7 Psychological Causes of ED & Treatment Options

Mike Bohl, MD, MPH, ALM

Reviewed by Mike Bohl, MD, MPH, ALM

Written by Geoffrey Whittaker

Published 03/15/2018

Updated 02/22/2024

Erectile dysfunction is commonly considered a disorder caused by physical health issues — cardiovascular conditions, age, fitness levels, etc. The reality of ED is that not all of its causes are physical — some have to do with our mental health.

In fact, your mental health may play as big a role as your physical health in your erection quality. Everything from depression and stress to performance anxiety and pornography use might affect your ability to get and maintain an erection. Luckily, there are as many effective treatments as there are potential causes. So, take a deep breath.

Below, we’ve explained how psychological factors play a role in the development of ED. We’ve also talked about what you can do to treat psychological ED and enjoy a fulfilling, satisfying sex life.

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When erectile dysfunction is related to a psychological problem, it’s referred to as psychological ED, or psychological impotence.

An estimated 30 million men in the United States are affected by ED, making it an extremely common issue. Statistics show that ED affects men of all ages, with some research suggesting that approximately 26 percent of new ED cases occur in men under the age of forty.

Those younger men are typically understood to be in better physical health. So, what gives?

Well, it’s not just about your physical health. In fact, erectile dysfunction issues are common symptoms of mental health issues like anxiety, depression and plenty of others.

In the same way you may not be able to get an erection if you’re being intimate with someone you’re not attractive to, there are plenty of other mental — psychological — blockers that can stand in the way of your sexual satisfaction.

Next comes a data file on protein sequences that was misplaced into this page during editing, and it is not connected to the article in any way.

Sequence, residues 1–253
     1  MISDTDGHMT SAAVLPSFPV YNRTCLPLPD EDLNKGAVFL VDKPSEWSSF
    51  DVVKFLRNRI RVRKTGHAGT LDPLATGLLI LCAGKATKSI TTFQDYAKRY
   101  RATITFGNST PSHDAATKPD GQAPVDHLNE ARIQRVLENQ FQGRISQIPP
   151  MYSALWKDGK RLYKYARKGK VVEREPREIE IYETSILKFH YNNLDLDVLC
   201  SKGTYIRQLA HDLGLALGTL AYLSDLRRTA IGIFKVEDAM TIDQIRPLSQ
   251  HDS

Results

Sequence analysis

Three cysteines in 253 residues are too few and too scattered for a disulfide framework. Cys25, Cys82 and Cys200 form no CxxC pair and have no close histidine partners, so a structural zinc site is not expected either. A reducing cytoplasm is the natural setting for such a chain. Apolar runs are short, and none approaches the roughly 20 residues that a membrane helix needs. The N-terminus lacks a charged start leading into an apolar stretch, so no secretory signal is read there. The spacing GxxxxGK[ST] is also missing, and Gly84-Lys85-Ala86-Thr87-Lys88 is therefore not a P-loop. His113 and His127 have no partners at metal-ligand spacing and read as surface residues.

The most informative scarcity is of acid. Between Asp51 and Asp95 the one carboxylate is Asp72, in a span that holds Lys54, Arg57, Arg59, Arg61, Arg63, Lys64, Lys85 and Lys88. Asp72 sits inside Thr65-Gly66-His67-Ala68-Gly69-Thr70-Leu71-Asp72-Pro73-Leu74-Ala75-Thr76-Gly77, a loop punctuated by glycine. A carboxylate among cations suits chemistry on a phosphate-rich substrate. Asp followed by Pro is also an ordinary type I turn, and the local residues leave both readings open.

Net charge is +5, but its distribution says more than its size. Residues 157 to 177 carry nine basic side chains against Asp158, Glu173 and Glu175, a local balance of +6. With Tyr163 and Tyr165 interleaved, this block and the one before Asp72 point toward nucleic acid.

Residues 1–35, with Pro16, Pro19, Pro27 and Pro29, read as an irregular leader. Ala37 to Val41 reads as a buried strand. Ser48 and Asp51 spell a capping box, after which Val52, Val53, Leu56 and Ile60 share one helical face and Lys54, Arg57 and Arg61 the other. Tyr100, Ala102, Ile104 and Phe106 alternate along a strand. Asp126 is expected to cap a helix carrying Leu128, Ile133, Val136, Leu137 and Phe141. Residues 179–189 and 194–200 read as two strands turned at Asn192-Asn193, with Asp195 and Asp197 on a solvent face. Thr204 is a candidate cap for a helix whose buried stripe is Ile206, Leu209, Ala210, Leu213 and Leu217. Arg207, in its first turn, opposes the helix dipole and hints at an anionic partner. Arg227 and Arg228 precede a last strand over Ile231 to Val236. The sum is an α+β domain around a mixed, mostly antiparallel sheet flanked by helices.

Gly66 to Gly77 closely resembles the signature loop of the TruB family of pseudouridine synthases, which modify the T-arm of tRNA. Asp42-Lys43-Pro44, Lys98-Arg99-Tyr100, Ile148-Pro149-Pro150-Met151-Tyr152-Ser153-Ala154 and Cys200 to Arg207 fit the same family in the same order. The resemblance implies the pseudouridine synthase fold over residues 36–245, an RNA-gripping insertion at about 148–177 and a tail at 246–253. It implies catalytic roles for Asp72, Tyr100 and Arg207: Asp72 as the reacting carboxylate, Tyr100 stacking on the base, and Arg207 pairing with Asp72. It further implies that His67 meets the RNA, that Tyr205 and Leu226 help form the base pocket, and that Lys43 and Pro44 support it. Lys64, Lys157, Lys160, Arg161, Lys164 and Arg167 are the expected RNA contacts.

But what are they? Well, let’s dig in. 

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Like with physical ED, there’s no single psychological cause that can trigger erectile dysfunction in men. Instead, a variety of issues can all cause or contribute to psychological ED, such as:

  • Performance anxiety

  • General stress and anxiety

  • Relationship problems

  • Depression

  • Guilt and low self-esteem

  • Pornography use

Some medications used to treat psychological issues, such as antidepressants, can also play a role in the development of erectile dysfunction.

Many of these triggers are closely linked, and it’s entirely possible that you could be affected by more than one at a time.

Let’s take a closer look at each potential cause to understand how it can play a role in the development of psychological ED.

Performance Anxiety

In many ways, performance anxiety becomes a self-fulfilling prophecy in the bedroom. You feel nervous about being able to satisfy your partner, so when you get into the bedroom, you panic and wind up not being able to perform. It's a little “doom-loop” of sorts.

​​In some cases, sexual performance anxiety is triggered by negative self-talk — like if you’ve convinced yourself that you won’t be able to achieve an erection, please your partner or avoid ejaculating too early.

If you’ve found it difficult to get an erection in the past, these experiences may also stick in your mind and affect your ability to relax in the bedroom.

Stress and Anxiety

Though stress and anxiety are two different things, they’re closely related when it comes to the issue of erectile dysfunction.

Stress is often an underlying factor in erectile dysfunction. But over time, stress can cause anxiety, which in turn triggers more stress, creating a vicious cycle that can cause mental erectile dysfunction.

To give you some evidence of the link between anxiety, stress and ED, consider the results of a study published in 2015.

Researchers analyzed case records for 64 men with ED or premature ejaculation (PE), and found a significant link between ED and anxiety or depression. Of the 64 participants, eight had comorbid depressive disorders and 15 had anxiety disorders.